In BLACKOUT, a series made possible by Jigsaw, VICE News takes viewers across the globe, from Pakistan to Belarus, to examine technology's role in the ongoing fight for free expression. Watch the rest of the series here.
Ten years ago, the leaders of Rogachev, a humdrum city of 35,000 in eastern Belarus, hatched a plan. To encourage tourism and beautify the city, they would build a public park in the center of town. Manicured lawns would be dotted with elegant fountains. Children would play on a new playground. A deep, man-made lake would be constructed — and then populated with a flock of imported swans. The swans would draw tourists from far and wide: even, some residents hoped, from as far afield as France.
Today, Rogachev's grand park is a dirty wasteland. There are no playgrounds, no tourists, no lakes, and certainly no swans. The only signs of life during a recent visit by VICE News were a few empty vodka bottles, collecting dust by a muddy pond.
"According to official data, about $600,000 was allocated for the park's reconstruction," said local journalist Dzianis Dashkevich as he walked through the wilds, taking photographs for his blog. "It's really crazy, they allocated billions of Belarusian roubles. Where did it go?"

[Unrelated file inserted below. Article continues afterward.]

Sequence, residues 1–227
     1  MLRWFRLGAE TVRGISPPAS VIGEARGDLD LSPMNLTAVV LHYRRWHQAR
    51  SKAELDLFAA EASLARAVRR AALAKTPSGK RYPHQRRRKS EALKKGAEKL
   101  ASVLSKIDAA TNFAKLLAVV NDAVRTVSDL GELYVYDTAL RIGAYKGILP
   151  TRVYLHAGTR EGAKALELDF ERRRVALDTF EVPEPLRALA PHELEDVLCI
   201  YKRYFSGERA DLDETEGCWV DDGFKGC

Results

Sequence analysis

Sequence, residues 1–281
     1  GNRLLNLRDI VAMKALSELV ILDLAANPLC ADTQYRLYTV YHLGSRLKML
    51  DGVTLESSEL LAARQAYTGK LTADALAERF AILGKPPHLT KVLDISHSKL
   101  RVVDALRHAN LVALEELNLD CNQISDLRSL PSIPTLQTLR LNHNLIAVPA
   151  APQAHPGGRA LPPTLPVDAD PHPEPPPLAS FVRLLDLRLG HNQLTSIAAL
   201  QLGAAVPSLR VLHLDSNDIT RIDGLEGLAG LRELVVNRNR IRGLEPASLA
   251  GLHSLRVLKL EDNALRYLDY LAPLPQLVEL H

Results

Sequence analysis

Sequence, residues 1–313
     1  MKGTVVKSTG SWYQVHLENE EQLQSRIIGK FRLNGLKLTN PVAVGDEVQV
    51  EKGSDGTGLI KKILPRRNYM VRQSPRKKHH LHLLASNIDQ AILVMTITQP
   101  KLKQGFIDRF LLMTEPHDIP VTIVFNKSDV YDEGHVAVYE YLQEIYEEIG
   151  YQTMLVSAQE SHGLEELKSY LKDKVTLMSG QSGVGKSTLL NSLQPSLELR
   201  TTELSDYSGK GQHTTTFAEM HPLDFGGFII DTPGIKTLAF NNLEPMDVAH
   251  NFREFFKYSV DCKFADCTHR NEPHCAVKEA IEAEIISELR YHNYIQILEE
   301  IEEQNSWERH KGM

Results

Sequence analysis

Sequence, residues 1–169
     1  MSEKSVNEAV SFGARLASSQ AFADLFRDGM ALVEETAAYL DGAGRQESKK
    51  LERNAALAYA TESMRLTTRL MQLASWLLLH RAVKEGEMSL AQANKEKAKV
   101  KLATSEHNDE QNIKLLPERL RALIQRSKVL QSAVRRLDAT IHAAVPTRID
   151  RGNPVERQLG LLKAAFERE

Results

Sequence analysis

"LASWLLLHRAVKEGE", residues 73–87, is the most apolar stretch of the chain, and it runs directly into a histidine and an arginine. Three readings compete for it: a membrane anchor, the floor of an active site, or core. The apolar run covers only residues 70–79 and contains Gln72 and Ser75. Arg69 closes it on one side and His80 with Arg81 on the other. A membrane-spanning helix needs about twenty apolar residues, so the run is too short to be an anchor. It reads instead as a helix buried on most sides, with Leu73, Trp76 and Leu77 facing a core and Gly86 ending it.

Dennis crouched low, the bottoms of his thin polyester suit pants riding up toward his knees. His ears were red in the chill of the early Belarusian spring.
"They ate and drank it away!" said an old man in a brown fur hat walking the perimeter of the park with his grandson. A few years back, the man told Dashkevich, local officials unloaded truckloads of construction materials — wood planks, bags of cement — in the center of the park, as if in advance of starting work. But then the supplies simply disappeared.
"They say the material is in storage somewhere," said the man with a shrug. Shortly after it all disappeared, Dashkevich added, the former mayor of the town was arrested and taken away in handcuffs.
It was at this point that the bureaucrats approached us. As Dashkevich and the man spoke, a convoy of cars drove into the park and stopped. Seven city official stepped out. "Who are you?" one asked. "What are you filming?"
"These aren't your average locals," Dashkevich murmured. "I guess they've been following us.... There's nothing surprising about that."
When Dashkevich started his blog in 2011, journalism was just an after-hours hobby for him; during the day, he ran an event-planning organization with his wife. In Rogachev at the time, there were no independent news sources, only state-owned newspapers that churned out admiring accounts of local politicians and their purported achievements.